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    Hi, I have a problem with a Fourier series question and would like some assistance please:

    The question is: find the Fourier series of x^2 in the range of -1<=x<=1.

    Where f(x) = 0.5A0 + SUM OF(An cos(pi*n*x) + Bn sin(pi*n*x))

    I think I have found the Fourier series correctly, with An = 4Cos(pi*n)/(pi^2*n^2) = 4(-1)^n/(pi^2*n^2), A0 = 2/3 and Bn = 0.

    So the fourier series equation becomes: f(x) = 1/3 + 4/pi^2 * SUM of((-1)^n*cos(pi*n*x)/(n^2))

    The next question is to hence show that the answer to the SUM of ( 1 - 1/2^2 + 1/3^2 - 1/4^2 +.....) = Pi^2/12

    If my fourier series equation is correct, then that sum can only be obtained when x=1/n
    (not sure if you can even do that). But then I get an answer of -(pi)^2/12 as n -> infinity.

    Can anyone tell me if I have gone totally wrong or something I'm missing?

    Thank you.
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    (Original post by dada55)
    Hi, I have a problem with a Fourier series question and would like some assistance please:

    The question is: find the Fourier series of x^2 in the range of -1<=x<=1.

    Where f(x) = 0.5A0 + SUM OF(An cos(pi*n*x) + Bn sin(pi*n*x))

    I think I have found the Fourier series correctly, with An = 4Cos(pi*n)/(pi^2*n^2) = 4(-1)^n/(pi^2*n^2), A0 = 2/3 and Bn = 0.

    So the fourier series equation becomes: f(x) = 1/3 + 4/pi^2 * SUM of((-1)^n*cos(pi*n*x)/(n^2))

    The next question is to hence show that the answer to the SUM of ( 1 - 1/2^2 + 1/3^2 - 1/4^2 +.....) = Pi^2/12

    If my fourier series equation is correct, then that sum can only be obtained when x=1/n
    (not sure if you can even do that). But then I get an answer of -(pi)^2/12 as n -> infinity.

    Can anyone tell me if I have gone totally wrong or something I'm missing?

    Thank you.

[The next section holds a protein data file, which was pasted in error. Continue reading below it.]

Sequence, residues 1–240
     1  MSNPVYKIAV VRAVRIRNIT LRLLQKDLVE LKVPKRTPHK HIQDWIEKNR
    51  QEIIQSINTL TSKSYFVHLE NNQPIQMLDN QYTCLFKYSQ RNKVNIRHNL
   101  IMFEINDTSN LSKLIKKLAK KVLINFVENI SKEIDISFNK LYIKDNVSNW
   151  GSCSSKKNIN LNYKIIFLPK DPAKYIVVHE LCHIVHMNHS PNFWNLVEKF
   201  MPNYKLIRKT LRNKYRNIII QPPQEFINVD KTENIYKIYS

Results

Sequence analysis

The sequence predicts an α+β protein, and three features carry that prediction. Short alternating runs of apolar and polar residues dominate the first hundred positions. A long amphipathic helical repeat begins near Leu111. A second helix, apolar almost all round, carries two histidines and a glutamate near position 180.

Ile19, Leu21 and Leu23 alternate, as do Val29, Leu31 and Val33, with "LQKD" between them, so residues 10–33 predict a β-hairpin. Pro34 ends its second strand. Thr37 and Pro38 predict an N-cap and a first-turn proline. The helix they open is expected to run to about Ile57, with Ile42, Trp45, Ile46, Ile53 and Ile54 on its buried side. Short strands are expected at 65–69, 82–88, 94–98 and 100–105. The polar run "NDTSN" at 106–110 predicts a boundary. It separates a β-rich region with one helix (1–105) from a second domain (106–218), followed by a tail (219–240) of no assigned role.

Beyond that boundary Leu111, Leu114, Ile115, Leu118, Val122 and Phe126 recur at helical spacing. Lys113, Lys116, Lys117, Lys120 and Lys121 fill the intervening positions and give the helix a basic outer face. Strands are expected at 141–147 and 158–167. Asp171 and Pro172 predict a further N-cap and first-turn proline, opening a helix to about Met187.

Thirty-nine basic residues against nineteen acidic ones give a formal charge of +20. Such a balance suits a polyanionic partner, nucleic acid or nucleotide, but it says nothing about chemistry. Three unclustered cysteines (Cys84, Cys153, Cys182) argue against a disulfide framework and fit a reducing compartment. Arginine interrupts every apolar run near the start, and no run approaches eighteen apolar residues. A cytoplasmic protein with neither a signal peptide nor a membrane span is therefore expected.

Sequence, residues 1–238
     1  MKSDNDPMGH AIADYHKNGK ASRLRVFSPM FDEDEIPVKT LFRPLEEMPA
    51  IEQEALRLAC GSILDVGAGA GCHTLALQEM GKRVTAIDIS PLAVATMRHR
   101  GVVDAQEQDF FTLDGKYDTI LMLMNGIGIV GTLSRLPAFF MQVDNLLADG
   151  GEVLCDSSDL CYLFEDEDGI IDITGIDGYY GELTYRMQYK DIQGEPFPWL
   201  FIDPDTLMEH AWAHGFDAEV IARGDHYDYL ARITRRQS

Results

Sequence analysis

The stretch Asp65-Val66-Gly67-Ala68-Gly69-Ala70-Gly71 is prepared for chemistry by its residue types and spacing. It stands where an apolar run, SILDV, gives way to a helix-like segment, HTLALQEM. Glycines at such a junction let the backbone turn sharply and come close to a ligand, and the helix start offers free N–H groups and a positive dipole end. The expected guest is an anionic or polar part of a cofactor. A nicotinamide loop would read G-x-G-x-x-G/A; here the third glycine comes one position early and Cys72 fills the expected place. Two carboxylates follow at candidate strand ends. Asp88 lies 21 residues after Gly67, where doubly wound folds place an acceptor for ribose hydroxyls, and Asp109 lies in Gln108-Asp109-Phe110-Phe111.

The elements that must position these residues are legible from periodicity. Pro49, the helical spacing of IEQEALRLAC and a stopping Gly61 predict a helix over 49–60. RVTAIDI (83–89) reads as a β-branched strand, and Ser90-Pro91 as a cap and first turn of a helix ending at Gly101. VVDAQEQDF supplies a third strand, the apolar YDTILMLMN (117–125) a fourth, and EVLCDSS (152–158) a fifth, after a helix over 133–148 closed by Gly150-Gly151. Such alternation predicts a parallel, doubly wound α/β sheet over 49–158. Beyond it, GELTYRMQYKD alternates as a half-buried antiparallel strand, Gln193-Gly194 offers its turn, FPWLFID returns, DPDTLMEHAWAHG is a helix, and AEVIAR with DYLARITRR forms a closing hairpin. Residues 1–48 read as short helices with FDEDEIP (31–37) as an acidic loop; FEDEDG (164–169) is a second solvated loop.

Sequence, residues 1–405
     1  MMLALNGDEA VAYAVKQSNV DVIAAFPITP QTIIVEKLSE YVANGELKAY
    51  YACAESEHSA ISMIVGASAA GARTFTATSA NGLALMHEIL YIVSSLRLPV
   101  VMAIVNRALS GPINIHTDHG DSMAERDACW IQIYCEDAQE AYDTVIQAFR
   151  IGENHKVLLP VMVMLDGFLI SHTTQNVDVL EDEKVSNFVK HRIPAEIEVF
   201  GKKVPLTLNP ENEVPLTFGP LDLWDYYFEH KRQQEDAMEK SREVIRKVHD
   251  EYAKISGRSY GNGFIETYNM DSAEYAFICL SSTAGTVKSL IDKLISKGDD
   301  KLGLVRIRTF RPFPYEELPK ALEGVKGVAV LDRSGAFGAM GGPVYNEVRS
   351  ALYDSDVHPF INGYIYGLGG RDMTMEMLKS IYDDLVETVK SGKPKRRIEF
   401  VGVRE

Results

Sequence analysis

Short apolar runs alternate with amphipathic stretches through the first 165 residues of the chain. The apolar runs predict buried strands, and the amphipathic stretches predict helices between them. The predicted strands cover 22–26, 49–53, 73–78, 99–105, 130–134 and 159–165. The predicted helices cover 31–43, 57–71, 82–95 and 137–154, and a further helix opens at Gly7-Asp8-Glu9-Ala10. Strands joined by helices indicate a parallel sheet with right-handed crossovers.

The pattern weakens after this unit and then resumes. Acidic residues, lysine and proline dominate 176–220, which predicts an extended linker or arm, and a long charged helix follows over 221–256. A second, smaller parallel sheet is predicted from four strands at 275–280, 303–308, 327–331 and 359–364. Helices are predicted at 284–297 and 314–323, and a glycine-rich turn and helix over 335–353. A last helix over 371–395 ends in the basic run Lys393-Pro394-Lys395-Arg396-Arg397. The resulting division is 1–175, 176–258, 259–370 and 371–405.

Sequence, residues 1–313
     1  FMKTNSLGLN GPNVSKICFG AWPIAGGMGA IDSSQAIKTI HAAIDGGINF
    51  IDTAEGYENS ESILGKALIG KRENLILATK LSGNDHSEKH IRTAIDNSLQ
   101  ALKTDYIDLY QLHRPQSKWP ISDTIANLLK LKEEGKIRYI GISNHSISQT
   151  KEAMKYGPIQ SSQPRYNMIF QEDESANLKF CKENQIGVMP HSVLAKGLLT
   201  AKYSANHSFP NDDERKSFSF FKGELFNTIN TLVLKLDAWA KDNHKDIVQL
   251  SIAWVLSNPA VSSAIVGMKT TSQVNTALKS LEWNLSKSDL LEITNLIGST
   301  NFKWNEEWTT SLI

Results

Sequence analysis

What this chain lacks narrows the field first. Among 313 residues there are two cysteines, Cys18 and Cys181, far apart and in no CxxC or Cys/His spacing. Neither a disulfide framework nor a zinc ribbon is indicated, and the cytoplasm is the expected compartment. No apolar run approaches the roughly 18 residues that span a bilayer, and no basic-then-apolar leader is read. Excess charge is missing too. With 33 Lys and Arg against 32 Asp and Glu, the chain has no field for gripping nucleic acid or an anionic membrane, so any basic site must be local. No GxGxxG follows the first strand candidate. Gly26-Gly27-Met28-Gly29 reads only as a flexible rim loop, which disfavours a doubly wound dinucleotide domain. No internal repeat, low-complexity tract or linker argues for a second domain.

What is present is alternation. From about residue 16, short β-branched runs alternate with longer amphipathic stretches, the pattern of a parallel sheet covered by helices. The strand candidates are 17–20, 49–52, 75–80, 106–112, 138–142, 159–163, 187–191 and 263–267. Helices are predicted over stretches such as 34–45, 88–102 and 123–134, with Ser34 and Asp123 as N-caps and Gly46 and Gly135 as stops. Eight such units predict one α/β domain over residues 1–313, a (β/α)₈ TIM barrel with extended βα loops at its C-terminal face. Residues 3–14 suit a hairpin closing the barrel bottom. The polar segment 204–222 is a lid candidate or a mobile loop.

It has to be a silly sign error somewhere ...
    I cannot possibly see it unless I do the question or post some workings
    (no hieroglyphics please)
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    (Original post by dada55)
    Hi, I have a problem with a Fourier series question and would like some assistance please:

    The question is: find the Fourier series of x^2 in the range of -1<=x<=1.

    Where f(x) = 0.5A0 + SUM OF(An cos(pi*n*x) + Bn sin(pi*n*x))

    I think I have found the Fourier series correctly, with An = 4Cos(pi*n)/(pi^2*n^2) = 4(-1)^n/(pi^2*n^2), A0 = 2/3 and Bn = 0.

    So the fourier series equation becomes: f(x) = 1/3 + 4/pi^2 * SUM of((-1)^n*cos(pi*n*x)/(n^2))

    The next question is to hence show that the answer to the SUM of ( 1 - 1/2^2 + 1/3^2 - 1/4^2 +.....) = Pi^2/12

    If my fourier series equation is correct, then that sum can only be obtained when x=1/n
    (not sure if you can even do that). But then I get an answer of -(pi)^2/12 as n -> infinity.

    Can anyone tell me if I have gone totally wrong or something I'm missing?

    Thank you.
    I'm a bit rusty on this so I hope I don't get this wrong.

    You have x^2=\dfrac{1}{3}+\dfrac{4}{\pi^2  }\sum...

    Rearranging you get

    \dfrac{\pi^2}{12}=\sum \left( \dfrac{(-1)^n\cos(n \pi x)/(3x^2-1)}{n^2}\right)

    Now ask yourself what value of x makes this work?
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    (Original post by TeeEm)
    It has to be a silly sign error somewhere ...
    I cannot possibly see it unless I do the question or post some workings
    (no hieroglyphics please)

    I'm not sure, I just re did it and still get to the same point. Unless I am making the same mistake. I have attached the question and my working out.

    (Original post by BuryMathsTutor)